The modern world is shaped by technological innovation, from the exploratory potential of spacecraft to the promise of artificial intelligence systems. These and other emerging technologies are improving how we live our lives and modernize government operations and can create efficiencies that lend themselves to better public institutions and more participatory democracy. But these same technologies can create intended and unintended consequences for democratic processes and risks to citizens, who deserve a new digital ecosystem that advances well-being and prosperity.
What’s more, what are the consumer and worker protections necessary for the equitable and fair deployment of emerging technologies and to mitigate racial bias and social inequities? How can we advance the nation’s aspiration for a more diverse science, technology, engineering, and math (STEM) workforce? What would responsible and rights-preserving science and technology systems look like in our criminal justice system? How can we protect free speech while also addressing the spread of misinformation and disinformation online?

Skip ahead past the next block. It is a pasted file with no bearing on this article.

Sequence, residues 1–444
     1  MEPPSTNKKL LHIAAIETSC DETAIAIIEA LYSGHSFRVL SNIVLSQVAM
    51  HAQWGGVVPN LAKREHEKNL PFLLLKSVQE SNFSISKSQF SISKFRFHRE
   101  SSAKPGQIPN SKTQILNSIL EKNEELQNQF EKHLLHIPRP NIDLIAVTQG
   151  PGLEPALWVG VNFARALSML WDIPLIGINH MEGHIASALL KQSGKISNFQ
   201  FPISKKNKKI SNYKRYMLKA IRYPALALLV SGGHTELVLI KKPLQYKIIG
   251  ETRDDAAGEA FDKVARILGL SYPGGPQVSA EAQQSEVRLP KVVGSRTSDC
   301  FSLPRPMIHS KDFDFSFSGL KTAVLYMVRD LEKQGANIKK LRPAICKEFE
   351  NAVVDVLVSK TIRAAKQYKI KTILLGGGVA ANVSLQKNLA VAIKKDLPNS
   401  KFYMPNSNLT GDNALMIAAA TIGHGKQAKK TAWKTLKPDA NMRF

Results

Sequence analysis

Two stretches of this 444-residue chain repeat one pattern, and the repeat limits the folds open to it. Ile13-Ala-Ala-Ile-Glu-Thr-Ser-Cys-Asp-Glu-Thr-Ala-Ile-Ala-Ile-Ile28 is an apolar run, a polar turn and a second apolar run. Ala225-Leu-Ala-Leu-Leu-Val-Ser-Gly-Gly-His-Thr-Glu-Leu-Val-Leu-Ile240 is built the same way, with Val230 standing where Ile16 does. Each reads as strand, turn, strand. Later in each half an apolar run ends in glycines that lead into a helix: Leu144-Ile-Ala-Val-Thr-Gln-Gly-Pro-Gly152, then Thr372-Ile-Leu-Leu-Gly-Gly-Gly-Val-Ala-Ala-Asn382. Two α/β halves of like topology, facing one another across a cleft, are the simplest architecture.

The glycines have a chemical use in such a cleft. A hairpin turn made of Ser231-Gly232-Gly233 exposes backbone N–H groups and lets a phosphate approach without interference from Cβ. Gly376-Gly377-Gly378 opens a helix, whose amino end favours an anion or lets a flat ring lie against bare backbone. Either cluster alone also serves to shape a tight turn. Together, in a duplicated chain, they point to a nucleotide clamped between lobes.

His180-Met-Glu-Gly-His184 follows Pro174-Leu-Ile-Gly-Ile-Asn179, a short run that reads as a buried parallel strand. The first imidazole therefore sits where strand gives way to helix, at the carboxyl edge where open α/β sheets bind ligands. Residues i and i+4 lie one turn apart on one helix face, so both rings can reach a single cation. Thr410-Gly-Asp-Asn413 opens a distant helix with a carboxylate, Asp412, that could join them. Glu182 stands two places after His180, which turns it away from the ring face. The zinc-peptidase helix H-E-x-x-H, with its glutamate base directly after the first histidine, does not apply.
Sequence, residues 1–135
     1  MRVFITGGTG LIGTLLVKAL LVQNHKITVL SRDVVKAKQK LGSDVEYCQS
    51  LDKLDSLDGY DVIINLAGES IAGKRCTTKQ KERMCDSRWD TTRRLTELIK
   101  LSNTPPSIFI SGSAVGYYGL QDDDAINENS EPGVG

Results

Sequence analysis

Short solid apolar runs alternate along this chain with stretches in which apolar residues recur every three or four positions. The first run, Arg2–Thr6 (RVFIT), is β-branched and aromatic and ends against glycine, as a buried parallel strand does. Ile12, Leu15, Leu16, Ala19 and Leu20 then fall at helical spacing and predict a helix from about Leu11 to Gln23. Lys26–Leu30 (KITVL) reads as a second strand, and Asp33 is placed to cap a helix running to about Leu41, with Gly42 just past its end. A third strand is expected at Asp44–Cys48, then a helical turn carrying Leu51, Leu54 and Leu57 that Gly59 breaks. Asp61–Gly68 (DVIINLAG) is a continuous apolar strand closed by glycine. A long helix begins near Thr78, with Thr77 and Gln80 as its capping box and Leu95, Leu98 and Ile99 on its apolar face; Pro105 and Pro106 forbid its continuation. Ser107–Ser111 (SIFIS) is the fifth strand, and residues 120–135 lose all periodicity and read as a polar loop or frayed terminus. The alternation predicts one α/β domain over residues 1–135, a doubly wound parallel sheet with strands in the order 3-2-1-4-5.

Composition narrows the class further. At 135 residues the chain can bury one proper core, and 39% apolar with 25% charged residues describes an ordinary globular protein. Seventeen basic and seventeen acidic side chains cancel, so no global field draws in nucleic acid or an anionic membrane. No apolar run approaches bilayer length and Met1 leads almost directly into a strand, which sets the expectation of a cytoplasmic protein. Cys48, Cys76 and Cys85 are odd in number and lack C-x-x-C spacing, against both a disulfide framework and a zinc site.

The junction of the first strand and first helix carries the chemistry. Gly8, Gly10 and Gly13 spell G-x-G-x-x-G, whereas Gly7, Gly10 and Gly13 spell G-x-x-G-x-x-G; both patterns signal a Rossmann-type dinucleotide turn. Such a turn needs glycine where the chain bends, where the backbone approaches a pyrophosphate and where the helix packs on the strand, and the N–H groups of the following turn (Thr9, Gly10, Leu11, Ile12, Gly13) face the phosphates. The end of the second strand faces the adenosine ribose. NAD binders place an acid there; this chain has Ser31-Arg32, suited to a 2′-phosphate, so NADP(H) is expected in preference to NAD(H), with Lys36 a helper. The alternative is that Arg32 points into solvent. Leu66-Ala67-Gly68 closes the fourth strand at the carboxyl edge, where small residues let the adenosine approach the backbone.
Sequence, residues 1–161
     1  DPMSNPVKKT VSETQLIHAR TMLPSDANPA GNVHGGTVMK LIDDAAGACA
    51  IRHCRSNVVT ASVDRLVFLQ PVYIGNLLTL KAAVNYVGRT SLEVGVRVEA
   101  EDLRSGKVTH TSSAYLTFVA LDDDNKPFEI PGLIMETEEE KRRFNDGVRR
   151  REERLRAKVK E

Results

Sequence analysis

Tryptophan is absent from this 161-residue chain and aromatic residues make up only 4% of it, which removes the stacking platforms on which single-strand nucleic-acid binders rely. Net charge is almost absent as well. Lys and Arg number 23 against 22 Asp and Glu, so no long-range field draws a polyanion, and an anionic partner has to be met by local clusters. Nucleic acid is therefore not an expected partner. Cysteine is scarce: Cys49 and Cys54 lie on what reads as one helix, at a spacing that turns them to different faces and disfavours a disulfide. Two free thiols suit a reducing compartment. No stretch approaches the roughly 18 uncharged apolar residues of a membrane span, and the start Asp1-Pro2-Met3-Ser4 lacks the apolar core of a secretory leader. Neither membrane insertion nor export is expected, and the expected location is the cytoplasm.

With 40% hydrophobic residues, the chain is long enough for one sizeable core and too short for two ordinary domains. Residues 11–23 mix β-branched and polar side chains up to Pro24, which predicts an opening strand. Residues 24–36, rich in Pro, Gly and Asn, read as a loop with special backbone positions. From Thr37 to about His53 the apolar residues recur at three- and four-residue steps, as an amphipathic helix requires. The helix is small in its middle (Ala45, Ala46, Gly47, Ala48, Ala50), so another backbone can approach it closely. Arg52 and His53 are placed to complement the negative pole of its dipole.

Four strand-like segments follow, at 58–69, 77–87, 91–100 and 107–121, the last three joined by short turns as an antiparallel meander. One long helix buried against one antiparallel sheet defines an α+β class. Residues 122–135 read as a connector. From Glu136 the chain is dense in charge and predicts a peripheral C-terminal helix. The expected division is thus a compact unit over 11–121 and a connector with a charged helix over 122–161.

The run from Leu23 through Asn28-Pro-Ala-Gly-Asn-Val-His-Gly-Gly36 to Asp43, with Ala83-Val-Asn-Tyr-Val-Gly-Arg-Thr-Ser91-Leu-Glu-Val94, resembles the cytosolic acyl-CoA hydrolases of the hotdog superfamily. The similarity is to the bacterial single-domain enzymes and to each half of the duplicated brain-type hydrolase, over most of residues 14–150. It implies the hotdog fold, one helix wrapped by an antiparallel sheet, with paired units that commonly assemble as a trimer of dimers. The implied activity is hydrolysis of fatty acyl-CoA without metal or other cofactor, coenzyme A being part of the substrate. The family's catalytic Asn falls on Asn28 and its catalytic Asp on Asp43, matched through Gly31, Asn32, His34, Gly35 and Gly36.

On October 21, the Center for Technology Innovation at Brookings hosted Alondra Nelson, deputy director for science and society at the White House Office of Science and Technology Policy, for a wide-ranging conversation with Senior Fellow Nicol Turner Lee on these and other topics.
For the RFI on Public and Private Sector Uses of Biometric Technologies, OSTP is soliciting input which can be sent to BiometricRFI@ostp.eop.gov. Regarding the Bill of Rights for automated society and broader AI equity efforts, OSTP looks forward to hearing from public at AI-Equity@ostp.eop.gov.